HISTORY AND BACKGROUND
BASIC STRUCTURES OF THE LAW ON ADULT RELATIONSHIPS
Same-sex marriage was introduced in Sweden in 2009. Between 1995 and 2009 there were two types of formalised unions. There was marriage, reserved for couples of the opposite sex, and registered partnership, reserved for couples of the same sex. By 2009, after several law reforms which are described below, the two institutions – marriage and registered partnership – in principle provided the same legal effects. The Registered Partnership Act (in Swedish, Lagenom registrerat partnerskap 1994:1117) was repealed when the Marriage Code (in Swedish, Ä ktenskapsbalken 1987:230) became gender-neutral. Couples already living in a registered partnership can choose to remain as registered partners or convert their partnership into a marriage. Conversion is achieved either through a marriage ceremony or by a written application to the Swedish Tax Agency, more precisely to the division in charge of population records. The Registered Partnership Act continues to apply to couples who remain registered but it is no longer possible to register a new partnership under Swedish law.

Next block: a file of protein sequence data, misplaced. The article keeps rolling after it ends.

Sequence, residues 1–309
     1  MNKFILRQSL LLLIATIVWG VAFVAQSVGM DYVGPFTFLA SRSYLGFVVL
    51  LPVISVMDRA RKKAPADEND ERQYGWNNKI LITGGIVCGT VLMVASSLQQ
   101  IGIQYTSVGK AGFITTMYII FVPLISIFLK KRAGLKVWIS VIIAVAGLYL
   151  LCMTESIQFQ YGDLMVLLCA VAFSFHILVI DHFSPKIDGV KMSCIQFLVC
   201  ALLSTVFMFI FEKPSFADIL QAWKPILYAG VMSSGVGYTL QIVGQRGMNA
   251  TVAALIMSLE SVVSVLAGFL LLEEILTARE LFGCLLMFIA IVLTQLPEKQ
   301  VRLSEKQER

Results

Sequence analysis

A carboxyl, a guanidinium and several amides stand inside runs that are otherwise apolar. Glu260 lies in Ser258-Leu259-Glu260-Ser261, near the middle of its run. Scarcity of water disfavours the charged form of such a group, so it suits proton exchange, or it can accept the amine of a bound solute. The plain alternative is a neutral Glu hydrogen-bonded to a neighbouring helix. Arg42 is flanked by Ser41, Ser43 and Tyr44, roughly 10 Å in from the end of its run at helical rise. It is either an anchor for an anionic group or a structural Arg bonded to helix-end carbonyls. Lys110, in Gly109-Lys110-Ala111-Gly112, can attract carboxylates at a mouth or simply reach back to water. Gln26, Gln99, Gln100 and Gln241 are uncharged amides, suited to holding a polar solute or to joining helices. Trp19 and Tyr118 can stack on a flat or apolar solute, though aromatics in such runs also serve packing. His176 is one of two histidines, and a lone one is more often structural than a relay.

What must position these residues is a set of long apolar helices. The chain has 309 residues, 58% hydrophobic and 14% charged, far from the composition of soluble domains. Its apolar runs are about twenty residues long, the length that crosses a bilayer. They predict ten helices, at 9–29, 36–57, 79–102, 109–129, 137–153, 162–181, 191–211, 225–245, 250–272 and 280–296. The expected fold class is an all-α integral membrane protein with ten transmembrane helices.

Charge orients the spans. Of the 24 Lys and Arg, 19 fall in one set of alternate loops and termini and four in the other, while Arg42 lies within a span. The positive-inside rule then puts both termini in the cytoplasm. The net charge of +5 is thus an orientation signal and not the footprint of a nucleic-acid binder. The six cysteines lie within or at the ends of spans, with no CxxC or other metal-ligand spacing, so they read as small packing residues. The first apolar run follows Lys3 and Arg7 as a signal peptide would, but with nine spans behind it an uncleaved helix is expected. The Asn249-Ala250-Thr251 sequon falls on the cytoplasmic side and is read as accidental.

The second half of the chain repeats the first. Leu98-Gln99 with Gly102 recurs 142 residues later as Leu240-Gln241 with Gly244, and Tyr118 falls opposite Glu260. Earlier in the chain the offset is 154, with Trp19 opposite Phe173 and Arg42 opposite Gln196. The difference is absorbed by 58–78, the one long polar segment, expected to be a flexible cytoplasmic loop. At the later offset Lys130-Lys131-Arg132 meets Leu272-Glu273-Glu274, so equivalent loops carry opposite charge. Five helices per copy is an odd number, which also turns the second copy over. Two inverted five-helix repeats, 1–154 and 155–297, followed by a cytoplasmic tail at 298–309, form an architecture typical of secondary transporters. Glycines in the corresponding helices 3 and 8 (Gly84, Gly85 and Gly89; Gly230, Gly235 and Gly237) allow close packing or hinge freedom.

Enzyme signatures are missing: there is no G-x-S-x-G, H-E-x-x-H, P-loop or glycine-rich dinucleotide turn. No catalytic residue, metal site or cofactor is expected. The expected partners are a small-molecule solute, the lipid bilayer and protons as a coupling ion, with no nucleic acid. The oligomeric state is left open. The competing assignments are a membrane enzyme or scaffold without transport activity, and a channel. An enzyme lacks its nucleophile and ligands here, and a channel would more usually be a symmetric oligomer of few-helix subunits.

In Sweden, informal relationships, i.e. unmarried couples living together, are subject to rules laid down in a special Act, namely the Cohabitation Act (in Swedish, Sambolagen 2003:376). However, the substantial content of this Act was no novelty in 2003. A special Act on division of cohabitants’ property was introduced in Sweden in 1987. In fact, in 1987, two Acts, similar in substance, were introduced, one governing cohabitation outside of marriage between couples of the opposite sex and the other governing couples of the same sex. The main purpose of the 2003 enactment was to introduce one gender-neutral Act for informal relationships.
Unlike the Marriage Code and the Registered Partnership Act, the Cohabitation Act of 2003 applies by default. This means that there is no registration of unmarried cohabitants in Sweden and no official ceremony where the two individuals explicitly consent to entering into the union. The Act applies in respect of ‘ two persons living together in a relationship, on a permanent basis and sharing a household.’ The basic idea behind the Cohabitation Act is to grant the financially weaker party of a cohabiting relationship a minimum level of economic protection when the relationship ends.